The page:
Reproductive Symposium Dec. 2-3
Robert Taylor Memorial Symposium to feature applied reproductive strategies.
by Mary Lou Peter-Blecha, K-State Research & Extension
New methods and technologies to control and improve reproductive success in beef cattle are the focus of the “Robert Taylor Memorial Symposium: Applied Reproductive Strategies in Beef Cattle” scheduled for Dec. 2-3 at the Hilton Hotel in Fort Collins, Colo.
“This meeting is for anyone interested in beef cattle reproduction, including producers, veterinarians, AI (artificial insemination) technicians and Extension specialists,” says Sandy Johnson, animal science specialist with Kansas State University (K-State) Research and Extension and one of the conference coordinators. Continuing education credit will be available for veterinarians.
The workshops are designed to improve understanding of the physiological processes of the estrous cycle, currently available procedures to synchronize estrus and ovulation, and the proper application of these systems. They will also focus on improving participants’ understanding of methods to assess male fertility and how it affects the success of AI programs.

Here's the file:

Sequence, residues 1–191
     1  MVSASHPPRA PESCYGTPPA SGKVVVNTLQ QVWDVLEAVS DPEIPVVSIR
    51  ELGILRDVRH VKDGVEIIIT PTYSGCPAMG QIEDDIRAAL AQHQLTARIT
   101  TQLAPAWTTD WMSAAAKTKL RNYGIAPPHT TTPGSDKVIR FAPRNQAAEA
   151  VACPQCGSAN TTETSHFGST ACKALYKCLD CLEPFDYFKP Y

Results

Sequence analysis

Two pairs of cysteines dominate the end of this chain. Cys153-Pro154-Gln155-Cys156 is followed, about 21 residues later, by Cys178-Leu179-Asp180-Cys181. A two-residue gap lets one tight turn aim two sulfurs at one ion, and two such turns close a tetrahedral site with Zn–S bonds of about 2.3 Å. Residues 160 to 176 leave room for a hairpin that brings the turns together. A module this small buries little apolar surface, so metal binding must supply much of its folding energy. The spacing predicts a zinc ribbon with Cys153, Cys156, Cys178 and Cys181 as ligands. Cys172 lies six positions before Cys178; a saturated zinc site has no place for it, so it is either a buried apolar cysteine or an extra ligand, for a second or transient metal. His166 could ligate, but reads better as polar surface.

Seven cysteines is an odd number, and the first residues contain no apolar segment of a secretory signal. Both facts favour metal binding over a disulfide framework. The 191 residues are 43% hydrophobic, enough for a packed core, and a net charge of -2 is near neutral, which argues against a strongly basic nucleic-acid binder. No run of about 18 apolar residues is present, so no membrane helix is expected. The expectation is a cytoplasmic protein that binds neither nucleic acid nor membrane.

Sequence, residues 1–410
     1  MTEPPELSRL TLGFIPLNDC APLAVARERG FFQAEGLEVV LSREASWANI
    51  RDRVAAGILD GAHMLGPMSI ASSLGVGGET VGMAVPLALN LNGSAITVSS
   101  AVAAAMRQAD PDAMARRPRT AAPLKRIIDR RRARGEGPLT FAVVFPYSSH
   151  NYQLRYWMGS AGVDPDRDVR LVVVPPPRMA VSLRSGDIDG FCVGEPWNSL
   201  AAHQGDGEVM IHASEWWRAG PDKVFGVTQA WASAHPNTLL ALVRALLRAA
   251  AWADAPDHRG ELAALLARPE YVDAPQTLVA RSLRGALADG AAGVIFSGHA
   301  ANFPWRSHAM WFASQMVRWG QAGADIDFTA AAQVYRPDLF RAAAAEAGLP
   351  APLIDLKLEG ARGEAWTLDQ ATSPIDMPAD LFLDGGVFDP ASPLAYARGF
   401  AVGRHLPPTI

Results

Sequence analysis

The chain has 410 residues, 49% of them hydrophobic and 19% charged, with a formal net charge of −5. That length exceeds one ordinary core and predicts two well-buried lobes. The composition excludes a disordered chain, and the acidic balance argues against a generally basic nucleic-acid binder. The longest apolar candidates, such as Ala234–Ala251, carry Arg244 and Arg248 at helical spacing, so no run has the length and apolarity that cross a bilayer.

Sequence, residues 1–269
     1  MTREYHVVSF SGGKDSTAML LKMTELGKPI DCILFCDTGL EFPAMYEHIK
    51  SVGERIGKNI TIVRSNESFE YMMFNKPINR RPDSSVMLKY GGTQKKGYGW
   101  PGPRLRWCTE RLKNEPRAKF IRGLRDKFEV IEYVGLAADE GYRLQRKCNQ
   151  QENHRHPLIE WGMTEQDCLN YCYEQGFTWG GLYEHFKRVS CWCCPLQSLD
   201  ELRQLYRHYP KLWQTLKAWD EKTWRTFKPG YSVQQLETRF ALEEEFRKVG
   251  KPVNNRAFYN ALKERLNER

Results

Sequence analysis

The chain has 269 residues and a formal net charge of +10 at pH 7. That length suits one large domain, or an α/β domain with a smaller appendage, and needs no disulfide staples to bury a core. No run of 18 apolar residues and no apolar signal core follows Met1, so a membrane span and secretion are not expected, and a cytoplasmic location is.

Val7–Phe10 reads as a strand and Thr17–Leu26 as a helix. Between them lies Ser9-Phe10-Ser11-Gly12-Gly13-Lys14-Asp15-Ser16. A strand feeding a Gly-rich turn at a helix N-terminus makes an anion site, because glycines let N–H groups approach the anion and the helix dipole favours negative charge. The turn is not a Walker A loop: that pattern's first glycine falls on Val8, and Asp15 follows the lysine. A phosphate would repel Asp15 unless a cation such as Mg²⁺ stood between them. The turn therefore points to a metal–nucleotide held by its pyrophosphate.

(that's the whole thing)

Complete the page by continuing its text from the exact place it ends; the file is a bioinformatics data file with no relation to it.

The symposium is co-sponsored by Colorado State University (CSU) and the Beef Reproduction Task Force, which is comprised of Extension animal scientists from K-State, the University of Nebraska, South Dakota State University, Iowa State University, the University of Idaho, the University of Illinois, the University of Florida and the University of Missouri with support from several industry sponsors.
Angus Productions Inc. (API) will provide online coverage of the event at www.AppliedReproStrategies.com. Visit the site now for a program schedule, hotel and travel information, and links to online registration. After the meeting, visit the site for summaries of the presentations, as well as PowerPoint presentations, proceedings, audio and photo galleries of the event.
Editor’s Note: This announcement is adapted from a release written by Mary Lou Peter-Blecha and provided by K-State Research and Extension. It is provided for further distribution. For a copy of the original release, please see www.oznet.ksu.edu/news/.